No need for pressure mats with a 3D-printed insole with embedded sensors that could benefit athletes and patients with musculoskeletal pain.
In elite sports, fractions of a second sometimes make the difference between victory and defeat. To optimize their performance, athletes use custom-made insoles. But people with musculoskeletal pain also turn to orthotics to combat their discomfort.
Before specialists can accurately fit such insoles, they must first create a pressure profile of the feet. To this end, athletes or patients have to walk barefoot over pressure-sensitive mats, where they leave their individual footprints. Based on this pressure profile, orthopedists then create customized insoles by hand. The problem with this approach is that optimizations and adjustments take time. Another disadvantage is that the pressure-sensitive mats allow measurements only in a confined space, but not during workouts or outdoor activities.
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Now an invention by a research team from ETH Zurich, Empa, and EPFL could greatly improve things. The researchers used 3D printing to produce a customized insole with integrated pressure sensors that can measure the pressure on the sole of the foot directly in the shoe during various activities.
“You can tell from the pressure patterns detected whether someone is walking, running, climbing stairs, or even carrying a heavy load on their back – in which case the pressure shifts more to the heel,” explains co-project leader Gilberto Siqueira, senior assistant at Empa and at ETH Complex Materials Laboratory. This makes tedious mat tests a thing of the past. The invention was recently featured in the journal Scientific Reports.
One Device, Multiple Inks
These insoles aren’t just easy to use, they’re also easy to make. They are produced in just one step – including the integrated sensors and conductors – using a single 3D printer, called an extruder.
For printing, the researchers use various inks developed specifically for this application. As the basis for the insole, the materials scientists use a mixture of silicone and cellulose nanoparticles.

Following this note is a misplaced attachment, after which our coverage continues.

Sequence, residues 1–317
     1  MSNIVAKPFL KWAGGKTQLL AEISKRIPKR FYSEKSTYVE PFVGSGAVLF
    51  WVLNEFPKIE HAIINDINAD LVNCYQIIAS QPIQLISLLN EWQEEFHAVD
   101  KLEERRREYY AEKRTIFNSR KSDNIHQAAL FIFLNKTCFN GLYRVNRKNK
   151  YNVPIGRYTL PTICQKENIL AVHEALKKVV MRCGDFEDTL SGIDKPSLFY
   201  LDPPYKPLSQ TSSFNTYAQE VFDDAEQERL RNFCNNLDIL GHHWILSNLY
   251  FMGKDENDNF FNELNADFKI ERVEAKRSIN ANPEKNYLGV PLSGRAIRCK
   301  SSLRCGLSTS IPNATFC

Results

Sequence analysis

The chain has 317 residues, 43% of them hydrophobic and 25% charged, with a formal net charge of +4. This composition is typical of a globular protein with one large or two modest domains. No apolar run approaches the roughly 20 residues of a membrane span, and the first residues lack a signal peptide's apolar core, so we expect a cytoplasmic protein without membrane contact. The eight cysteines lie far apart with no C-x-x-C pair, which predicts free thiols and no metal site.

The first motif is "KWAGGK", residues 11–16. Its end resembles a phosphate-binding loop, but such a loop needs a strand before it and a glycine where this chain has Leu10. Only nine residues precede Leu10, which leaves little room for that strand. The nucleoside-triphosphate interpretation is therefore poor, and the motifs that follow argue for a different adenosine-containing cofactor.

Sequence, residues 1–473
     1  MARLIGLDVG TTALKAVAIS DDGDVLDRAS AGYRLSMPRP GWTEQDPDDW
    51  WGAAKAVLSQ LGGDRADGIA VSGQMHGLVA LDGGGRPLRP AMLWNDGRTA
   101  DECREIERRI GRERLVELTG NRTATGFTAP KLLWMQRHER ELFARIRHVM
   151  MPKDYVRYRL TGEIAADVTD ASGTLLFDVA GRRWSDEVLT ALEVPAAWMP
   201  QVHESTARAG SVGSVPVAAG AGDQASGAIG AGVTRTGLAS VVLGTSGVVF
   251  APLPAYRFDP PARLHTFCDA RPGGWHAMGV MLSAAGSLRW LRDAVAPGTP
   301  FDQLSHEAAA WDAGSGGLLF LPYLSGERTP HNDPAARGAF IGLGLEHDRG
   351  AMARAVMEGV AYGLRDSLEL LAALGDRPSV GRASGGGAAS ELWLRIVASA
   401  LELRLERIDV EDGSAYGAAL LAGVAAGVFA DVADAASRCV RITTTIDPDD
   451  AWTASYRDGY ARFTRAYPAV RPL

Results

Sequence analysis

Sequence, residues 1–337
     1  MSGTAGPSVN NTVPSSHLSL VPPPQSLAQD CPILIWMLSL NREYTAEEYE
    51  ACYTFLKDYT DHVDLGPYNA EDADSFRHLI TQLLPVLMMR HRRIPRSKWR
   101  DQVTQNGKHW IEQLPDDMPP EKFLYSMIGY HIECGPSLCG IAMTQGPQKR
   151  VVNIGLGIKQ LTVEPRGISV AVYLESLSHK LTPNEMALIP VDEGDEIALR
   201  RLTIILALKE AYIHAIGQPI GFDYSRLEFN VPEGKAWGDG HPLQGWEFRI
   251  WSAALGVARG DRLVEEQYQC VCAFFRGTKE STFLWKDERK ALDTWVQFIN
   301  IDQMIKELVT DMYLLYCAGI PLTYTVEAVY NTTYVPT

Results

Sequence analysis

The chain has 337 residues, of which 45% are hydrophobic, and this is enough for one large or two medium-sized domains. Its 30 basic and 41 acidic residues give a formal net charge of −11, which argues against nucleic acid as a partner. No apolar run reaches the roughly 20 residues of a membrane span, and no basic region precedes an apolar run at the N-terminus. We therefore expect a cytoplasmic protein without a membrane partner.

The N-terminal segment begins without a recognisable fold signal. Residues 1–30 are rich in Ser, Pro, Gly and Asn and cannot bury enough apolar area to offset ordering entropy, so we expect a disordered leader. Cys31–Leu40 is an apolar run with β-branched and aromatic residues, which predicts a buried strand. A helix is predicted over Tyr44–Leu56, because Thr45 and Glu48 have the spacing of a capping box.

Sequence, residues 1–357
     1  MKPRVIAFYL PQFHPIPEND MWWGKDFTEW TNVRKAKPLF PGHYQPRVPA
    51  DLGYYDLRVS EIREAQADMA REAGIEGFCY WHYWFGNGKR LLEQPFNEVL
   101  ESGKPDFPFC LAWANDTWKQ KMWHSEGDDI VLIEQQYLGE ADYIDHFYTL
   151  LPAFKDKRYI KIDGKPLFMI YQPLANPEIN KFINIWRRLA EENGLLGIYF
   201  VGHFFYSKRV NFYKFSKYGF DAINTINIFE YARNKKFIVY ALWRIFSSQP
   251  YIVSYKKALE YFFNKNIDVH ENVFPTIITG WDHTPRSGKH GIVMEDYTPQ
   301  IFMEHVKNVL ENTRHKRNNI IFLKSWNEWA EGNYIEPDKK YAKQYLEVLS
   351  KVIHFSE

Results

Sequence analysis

Next, they print the conductors on this first layer using a conductive ink containing silver. They then print the sensors on the conductors in individual places using ink that contains carbon black. The sensors aren’t distributed at random: they are placed exactly where the foot sole pressure is greatest. To protect the sensors and conductors, the researchers coat them with another layer of silicone.
An initial difficulty was to achieve good adhesion between the different material layers. The researchers resolved this by treating the surface of the silicone layers with hot plasma.
As sensors for measuring normal and shear forces, they use piezo components, which convert mechanical pressure into electrical signals. In addition, the researchers have built an interface into the sole for reading out the generated data.
Running Data Soon to Be Read Out Wirelessly
Tests showed the researchers that the additively manufactured insole works well. “So with data analysis, we can actually identify different activities based on which sensors responded and how strong that response was,” Siqueira says.
At the moment, Siqueira and his colleagues still need a cable connection to read out the data; to this end, they have installed a contact on the side of the 3D-printed insole. One of the next development steps, he says, will be to create a wireless connection. “However, reading out the data hasn’t been the main focus of our work so far.”
In the future, 3D-printed insoles with integrated sensors could be used by athletes or in physiotherapy, for example to measure training or therapy progress. Based on such measurement data, training plans can then be adjusted and permanent shoe insoles with different hard and soft zones can be produced using 3D printing.
Although Siqueira believes there is strong market potential for their 3D-printed insole product, especially in elite sports, his team hasn’t yet taken any steps towards commercialization.
Caption: The insoles, together with the integrated sensors and conductive tracks, are produced in just one step on a 3D printer. Credit: Marco Binelli / ETH Zurich